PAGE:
FACT CHECK: War in Russia To Blame for Spike in Gas Prices, Not the Biden Administration
PolitiFact is the latest to release a fact check that shows how the war in Ukraine is driving sky-high gas prices around the country, once again debunking the Big Oil talking points that the NH GOP Senate candidates parrot, which falsely blame President Biden for rising prices. In the piece, PolitiFact lays out how Putin’s invasion of Russia, the pandemic, Big Oil’s low investment in production, and OPEC’s long-standing refusal to increase production have contributed to higher prices – not the Biden administration’s policies. Key Excerpts:
Gasoline prices have risen most aggressively since Putin began preparing his invasion of Ukraine.
"Gasoline and crude oil prices overall have increased significantly over the past year due to a variety of factors, mainly driven by increased demand due to recovery from the COVID pandemic and associated problems with the supply chain and employment," said Hugh Daigle, an associate professor at the University of Texas-Austin’s Center for Subsurface Energy and the Environment.
That said, the price of oil is determined by international factors, and because other countries are more heavily dependent on Russian oil than the U.S. is, any cutbacks in the use of Russian oil elsewhere can reduce global supplies, pushing prices higher for U.S. consumers.
We chose November 2021 as a turning point because that’s when a continuing Russian troop buildup on Ukraine’s borders began to attract wider notice. On Nov. 3, Ukrainian officials said the number of Russian troops on its borders had reached 90,000, and on Nov. 10, the Biden administration offered public warnings about the military buildup.
By early December, the buildup and potential invasion became widely known to news consumers in the U.S., documented in the New York Times and other publications.
Between early November and the start of the Russian invasion in late February, U.S. gas prices rose modestly, climbing 10 cents to $3.49.
The big spike came when the invasion began, with the price of gas rising by 83 cents to $4.32.
So Putin’s invasion clearly caused the single biggest gas price spike during this period. And gas prices did rise during the four-month-long build-up to the invasion.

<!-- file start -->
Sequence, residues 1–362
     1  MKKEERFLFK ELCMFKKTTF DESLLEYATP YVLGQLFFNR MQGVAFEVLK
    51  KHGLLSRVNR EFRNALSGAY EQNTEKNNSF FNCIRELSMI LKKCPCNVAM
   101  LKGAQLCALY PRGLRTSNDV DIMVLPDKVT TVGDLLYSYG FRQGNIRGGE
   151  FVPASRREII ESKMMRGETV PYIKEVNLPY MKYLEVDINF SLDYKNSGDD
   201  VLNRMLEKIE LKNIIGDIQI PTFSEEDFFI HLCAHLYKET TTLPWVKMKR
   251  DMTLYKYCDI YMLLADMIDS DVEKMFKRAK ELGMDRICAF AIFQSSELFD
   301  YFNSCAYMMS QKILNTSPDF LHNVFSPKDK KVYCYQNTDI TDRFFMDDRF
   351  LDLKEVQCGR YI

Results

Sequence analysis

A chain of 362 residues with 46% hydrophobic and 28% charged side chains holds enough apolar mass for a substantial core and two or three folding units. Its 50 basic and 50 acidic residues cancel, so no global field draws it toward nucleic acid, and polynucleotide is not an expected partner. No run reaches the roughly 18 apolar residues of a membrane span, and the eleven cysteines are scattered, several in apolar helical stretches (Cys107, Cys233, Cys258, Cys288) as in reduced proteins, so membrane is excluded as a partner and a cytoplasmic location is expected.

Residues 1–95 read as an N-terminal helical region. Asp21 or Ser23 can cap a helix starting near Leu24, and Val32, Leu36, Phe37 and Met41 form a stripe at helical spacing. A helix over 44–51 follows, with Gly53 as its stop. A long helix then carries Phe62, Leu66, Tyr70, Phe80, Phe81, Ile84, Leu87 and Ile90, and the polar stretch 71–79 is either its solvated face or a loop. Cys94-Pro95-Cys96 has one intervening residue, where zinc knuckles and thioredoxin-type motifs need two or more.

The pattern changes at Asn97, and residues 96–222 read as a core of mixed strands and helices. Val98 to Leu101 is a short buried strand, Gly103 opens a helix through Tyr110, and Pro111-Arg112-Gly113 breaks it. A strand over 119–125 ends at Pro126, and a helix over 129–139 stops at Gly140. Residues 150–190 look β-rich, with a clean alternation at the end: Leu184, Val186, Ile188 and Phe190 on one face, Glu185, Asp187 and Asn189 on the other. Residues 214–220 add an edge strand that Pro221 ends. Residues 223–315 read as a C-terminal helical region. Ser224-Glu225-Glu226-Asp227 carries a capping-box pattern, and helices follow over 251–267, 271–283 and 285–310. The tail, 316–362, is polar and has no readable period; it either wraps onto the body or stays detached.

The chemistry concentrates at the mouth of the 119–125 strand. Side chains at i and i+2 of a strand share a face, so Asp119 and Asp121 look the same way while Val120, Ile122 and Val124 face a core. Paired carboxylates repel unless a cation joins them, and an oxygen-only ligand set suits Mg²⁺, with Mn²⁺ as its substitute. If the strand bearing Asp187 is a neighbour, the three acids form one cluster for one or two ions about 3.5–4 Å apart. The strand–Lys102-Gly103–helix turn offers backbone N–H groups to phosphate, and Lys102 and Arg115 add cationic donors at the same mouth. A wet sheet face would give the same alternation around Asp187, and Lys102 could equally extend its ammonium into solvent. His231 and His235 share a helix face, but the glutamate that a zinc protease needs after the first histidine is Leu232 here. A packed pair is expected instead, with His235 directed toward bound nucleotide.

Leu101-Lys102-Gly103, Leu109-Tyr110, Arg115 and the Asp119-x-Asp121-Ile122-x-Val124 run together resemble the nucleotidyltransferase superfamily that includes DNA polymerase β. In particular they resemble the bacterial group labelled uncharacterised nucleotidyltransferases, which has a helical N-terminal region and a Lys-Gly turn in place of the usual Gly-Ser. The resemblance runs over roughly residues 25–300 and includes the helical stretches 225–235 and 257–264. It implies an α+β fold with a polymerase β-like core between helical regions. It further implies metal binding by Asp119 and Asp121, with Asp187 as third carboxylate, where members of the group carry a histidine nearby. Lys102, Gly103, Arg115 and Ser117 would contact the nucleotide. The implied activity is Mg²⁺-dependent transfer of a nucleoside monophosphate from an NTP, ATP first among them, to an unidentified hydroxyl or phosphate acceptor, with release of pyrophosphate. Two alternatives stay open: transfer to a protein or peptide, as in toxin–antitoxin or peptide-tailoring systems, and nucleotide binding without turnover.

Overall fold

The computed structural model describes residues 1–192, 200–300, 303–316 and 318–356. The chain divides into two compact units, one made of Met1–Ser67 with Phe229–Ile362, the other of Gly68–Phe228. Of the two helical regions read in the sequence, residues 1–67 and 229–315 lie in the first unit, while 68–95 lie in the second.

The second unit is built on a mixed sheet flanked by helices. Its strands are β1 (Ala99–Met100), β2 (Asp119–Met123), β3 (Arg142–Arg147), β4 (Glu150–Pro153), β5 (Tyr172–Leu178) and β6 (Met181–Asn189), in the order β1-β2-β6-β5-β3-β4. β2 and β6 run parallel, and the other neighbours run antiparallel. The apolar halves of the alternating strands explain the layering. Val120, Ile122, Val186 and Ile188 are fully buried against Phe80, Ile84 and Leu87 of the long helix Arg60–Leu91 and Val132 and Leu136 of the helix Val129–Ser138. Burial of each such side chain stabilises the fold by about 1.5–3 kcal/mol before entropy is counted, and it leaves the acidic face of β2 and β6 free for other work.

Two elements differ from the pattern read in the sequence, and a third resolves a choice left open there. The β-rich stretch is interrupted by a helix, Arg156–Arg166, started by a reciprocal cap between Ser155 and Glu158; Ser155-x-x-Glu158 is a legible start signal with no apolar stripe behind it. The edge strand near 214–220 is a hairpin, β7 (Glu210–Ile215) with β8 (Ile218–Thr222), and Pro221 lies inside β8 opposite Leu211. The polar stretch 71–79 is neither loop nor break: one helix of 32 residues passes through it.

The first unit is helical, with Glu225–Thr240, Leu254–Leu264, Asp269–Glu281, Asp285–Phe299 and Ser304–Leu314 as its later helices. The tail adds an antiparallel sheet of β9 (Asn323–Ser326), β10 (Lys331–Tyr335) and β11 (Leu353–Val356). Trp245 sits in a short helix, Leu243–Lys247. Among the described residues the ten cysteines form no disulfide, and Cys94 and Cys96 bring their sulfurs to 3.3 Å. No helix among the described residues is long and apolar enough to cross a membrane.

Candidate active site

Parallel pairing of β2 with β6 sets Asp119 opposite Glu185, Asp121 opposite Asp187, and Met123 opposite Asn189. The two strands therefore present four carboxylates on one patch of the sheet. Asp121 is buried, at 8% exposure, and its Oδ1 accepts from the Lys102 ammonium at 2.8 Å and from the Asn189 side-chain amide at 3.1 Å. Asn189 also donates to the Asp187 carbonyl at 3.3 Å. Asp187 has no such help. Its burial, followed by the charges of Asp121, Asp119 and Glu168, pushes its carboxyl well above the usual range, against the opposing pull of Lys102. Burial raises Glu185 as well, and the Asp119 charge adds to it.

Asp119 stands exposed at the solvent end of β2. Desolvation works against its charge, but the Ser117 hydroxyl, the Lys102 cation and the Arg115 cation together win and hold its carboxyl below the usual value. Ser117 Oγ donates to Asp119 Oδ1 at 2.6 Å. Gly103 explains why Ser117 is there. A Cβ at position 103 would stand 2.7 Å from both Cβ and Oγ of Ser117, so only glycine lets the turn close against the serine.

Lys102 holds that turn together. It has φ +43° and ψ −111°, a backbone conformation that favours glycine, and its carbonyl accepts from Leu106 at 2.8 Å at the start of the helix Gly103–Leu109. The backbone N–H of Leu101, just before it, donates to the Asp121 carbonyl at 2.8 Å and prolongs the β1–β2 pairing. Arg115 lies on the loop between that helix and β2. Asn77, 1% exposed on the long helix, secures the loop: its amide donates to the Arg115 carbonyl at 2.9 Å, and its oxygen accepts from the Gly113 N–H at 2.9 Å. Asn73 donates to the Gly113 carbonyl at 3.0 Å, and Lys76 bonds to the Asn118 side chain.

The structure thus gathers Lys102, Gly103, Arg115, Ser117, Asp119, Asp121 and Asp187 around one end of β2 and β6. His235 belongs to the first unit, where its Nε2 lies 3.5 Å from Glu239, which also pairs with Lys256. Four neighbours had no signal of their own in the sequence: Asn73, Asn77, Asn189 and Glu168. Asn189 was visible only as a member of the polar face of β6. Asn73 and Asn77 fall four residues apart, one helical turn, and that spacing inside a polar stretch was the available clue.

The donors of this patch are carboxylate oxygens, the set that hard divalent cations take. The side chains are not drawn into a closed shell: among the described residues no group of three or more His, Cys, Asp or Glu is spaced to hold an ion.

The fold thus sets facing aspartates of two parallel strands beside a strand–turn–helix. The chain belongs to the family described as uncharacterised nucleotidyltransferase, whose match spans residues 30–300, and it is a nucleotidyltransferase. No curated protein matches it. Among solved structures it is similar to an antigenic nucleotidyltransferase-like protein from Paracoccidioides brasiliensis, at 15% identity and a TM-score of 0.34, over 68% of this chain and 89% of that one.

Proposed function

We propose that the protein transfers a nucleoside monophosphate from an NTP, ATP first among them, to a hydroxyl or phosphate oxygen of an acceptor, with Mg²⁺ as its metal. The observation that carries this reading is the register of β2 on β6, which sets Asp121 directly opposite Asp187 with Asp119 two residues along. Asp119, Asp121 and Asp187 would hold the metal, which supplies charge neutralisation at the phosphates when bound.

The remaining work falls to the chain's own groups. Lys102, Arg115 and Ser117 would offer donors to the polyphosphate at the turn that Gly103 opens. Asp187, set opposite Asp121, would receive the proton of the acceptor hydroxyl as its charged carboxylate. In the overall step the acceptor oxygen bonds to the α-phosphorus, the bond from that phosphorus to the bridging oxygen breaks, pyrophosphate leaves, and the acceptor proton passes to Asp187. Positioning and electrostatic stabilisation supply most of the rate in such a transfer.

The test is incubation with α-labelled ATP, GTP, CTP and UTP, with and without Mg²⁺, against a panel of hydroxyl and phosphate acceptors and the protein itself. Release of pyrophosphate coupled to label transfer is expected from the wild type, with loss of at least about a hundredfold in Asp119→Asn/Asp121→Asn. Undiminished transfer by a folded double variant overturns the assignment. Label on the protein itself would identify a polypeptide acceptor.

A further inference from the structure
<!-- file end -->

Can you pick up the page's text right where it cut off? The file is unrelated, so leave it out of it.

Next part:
When the U.S. economy began sputtering back to life during the second half of 2020, it increased demand for oil, which in turn pushed up gas prices.
"I think it’s fair to say that much of the run-up happened before Russia’s buildup became a focus, and was driven by the post-COVID recovery in global demand," said Mark Finley, a fellow at Rice University’s Center for Energy Studies. Finley added that a longstanding refusal by the OPEC oil cartel and its allies to increase production has added to the upward pressure in prices.
It’s important to note that some of the early rise in gas prices after March 2020 was simply a "return to a more ‘normal’ supply-demand balance" following the extraordinary economic shutdowns of the early pandemic, said Clark Williams-Derry, an energy finance analyst at the Institute for Energy Economics and Financial Analysis.
He added that a significant part of why supply has trailed demand for the past two years is low investment in production during the pandemic, due to uncertainty about how to plan for a recovery.
In the meantime, it's important for everyone "to avoid a U.S. bias," WIlliams-Derry said. "Oil prices are set globally, so there's a tendency to blame U.S. politicians for things that they have literally no control over."
Biden said, "Make no mistake: The current spike in gas prices is largely the fault of Vladimir Putin."
By current, Biden means very current. The most recent spike in gas prices has stemmed largely from Putin’s invasion of Ukraine. Read the full report from PolitiFact.